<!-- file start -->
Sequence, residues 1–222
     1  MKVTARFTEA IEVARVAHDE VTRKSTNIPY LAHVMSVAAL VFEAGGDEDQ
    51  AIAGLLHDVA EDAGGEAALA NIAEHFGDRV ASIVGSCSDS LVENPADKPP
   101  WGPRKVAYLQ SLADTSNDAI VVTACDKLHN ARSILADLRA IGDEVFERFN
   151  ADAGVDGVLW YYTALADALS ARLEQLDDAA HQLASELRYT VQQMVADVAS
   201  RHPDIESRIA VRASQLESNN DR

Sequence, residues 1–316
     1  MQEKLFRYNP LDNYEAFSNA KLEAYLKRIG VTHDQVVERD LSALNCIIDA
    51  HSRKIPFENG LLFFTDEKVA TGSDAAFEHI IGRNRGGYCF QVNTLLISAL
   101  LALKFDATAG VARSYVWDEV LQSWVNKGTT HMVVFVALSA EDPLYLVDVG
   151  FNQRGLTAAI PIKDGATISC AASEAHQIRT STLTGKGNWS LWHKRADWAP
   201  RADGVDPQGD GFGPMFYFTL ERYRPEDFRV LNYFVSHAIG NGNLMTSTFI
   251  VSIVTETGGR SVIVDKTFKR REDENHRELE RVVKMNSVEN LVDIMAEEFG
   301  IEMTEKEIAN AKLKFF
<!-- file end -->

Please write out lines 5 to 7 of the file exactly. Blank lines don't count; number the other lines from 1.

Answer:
   151  ADAGVDGVLW YYTALADALS ARLEQLDDAA HQLASELRYT VQQMVADVAS
   201  RHPDIESRIA VRASQLESNN DR

Sequence, residues 1–316